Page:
Posts Tagged ‘Technology’

Building My Hackintosh

January 17, 2011

Not to be confused with last week’s “My Hackintosh Build” post which can be found here. That post details the exact hardware, the cost, and compares it against an iMac with similar hardware. This one is about the actual work of building it and getting it running.

Well, it wasn’t quite as easy as I would have hoped, but I’ve made it. I am typing this post on a brand new Core i5 computer running OS X. Most rewarding of all, I built it myself. Everything major works. Life is good. Some of you may be wondering: How’d you do it? What problems did you encounter? Was it worth it? This post will answer these questions. It will also serve as a bit of a jumping off point if someone is thinking about building one themselves. Hit the break for a detailed description, pictures and more.

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My Hackintosh Build

January 13, 2011

So, I’m in the process of building a hackintosh (almost done, fingers crossed). I’ll be posting more about the actual building process, but for now I thought I’d share the parts I used to build it and how much they cost me.

For reference, here are the specs for a stock 27″ iMac:

  • 2.8GHz Quad-Core Intel Core i5
  • 4GB 1333MHz DDR3 SDRAM – 2x2GB
  • 1TB Serial ATA Drive
  • 8x double-layer SuperDrive
  • ATI Radeon HD 5750 1GB GDDR5 SDRAM
  • I wanted to match or beat that setup as cheaply as possible, so I bought the components from NewEgg over the period of less than a month, only buying things that were discounted.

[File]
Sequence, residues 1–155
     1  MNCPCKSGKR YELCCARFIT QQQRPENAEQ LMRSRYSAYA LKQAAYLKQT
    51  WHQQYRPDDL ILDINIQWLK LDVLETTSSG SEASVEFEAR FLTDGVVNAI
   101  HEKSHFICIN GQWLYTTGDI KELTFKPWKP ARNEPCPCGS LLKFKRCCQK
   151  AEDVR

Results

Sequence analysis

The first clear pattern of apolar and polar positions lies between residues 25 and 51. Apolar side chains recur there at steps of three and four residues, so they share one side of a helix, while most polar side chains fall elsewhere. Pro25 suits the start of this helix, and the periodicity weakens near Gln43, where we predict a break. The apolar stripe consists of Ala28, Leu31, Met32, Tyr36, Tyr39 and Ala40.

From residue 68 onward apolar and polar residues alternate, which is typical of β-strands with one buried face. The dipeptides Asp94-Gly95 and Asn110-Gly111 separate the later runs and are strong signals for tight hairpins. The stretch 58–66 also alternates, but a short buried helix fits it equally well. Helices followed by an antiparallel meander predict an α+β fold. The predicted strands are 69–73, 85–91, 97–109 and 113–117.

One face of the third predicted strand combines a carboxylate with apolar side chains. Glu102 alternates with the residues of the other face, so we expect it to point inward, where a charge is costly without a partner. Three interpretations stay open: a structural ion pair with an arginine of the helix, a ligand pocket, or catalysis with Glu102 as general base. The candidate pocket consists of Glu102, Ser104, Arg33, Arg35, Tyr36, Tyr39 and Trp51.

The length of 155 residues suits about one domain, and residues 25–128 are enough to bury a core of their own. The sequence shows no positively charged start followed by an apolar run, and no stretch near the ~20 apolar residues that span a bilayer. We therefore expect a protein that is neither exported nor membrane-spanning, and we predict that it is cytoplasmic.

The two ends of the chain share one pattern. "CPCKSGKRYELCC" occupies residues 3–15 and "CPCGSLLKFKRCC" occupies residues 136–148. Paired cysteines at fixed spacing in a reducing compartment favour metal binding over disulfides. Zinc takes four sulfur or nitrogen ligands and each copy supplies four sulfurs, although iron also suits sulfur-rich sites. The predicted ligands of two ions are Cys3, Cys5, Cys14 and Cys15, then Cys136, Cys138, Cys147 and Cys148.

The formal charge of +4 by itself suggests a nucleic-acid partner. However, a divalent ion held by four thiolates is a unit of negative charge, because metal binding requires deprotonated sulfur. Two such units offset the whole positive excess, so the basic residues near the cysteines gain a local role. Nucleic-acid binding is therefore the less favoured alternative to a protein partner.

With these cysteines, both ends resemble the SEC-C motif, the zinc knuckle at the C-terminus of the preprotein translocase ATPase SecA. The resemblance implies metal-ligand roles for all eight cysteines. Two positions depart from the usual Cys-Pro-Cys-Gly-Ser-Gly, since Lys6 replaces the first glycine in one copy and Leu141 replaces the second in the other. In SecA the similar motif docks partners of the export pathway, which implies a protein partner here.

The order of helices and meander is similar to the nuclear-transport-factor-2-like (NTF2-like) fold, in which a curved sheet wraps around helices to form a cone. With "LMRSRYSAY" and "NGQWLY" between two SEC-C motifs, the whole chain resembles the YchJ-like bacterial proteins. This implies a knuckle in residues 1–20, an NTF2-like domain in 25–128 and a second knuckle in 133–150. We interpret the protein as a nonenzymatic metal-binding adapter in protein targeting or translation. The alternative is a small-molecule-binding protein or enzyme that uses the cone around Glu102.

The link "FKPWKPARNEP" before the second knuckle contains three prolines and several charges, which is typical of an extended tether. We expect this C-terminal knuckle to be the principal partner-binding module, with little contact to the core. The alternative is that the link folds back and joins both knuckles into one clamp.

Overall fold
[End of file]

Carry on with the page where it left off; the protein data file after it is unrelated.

Here’s what I ended up with:
    (key: ‘+‘ indicates an improvement over the reference iMac, ‘=‘ indicates it is an equal part. ‘?‘ indicates an item for which Apple does not provide enough detail to make a comparison.)

  • 2.8 GHz Quad-Core Intel Core i5-760 – $179.99 (regularly $204.99)=
  • 6GB 1600MHz DDR3 SDRAM – 3x2GB (CORSAIR XMS3) – $64.99 (regularly: $79.99)+
  • 1TB Serial ATA Drive (WD Caviar Black) – $77.99 (regularly: $87.99)=
  • Sony Optiarc Black $19.99 (regularly: $26.99) ?
  • ATI Radeon HD 5770 1GB DDR5 SDRAM (HIS Juniper XT) – $99.99 (regularly $129.99) +
  • Items that Apple doesn’t list specs for, but you need for a computer:

  • GIGABYTE GA-H55-USB3 Motherboard – $99.99 (regularly $109.99)
  • Cooler Master RS750-ACAAE3-US Power Supply – $59.99 (regularly $99.99)
  • Baller unnecessary upgrade:

  • Corsair CSSD-V32GB2-BRKT $59.99 (regularly $78.99)
  • Items I already had and paid nothing for

  • Monitor
  • Mouse
  • Keyboard
  • Computer Case
  • What it cost:
    All in all, these purchases cost me $662.92. Shipping was free on all of them. If nothing was discounted, I would have spent $818.92, meaning I saved $156.00 by doing my shopping over the course of 2.5 weeks (first order was placed 12/21/2010, last order was placed 1/7/11). Compared to the cost of the iMac I was referencing, I saved $1,336.08. That is a lot of money.

    What I got that is better than an iMac is a slightly faster graphics card, 2GB more RAM (not to mention faster ram), a 32gb Solid State Drive that will allow for quicker booting and application launching, and USB 3 support.

    What I didn’t get is a 27″ monitor, a sleek enclosure, or official Apple support. To me, this tradeoff is worth $1,336.08. I could buy a decent monitor and a MacBook Air with that amount of money.

    So, how’d it all come together? I’m still working on it. More posts to come!

    (adj) having or exerting a malignant influence

    January 12, 2011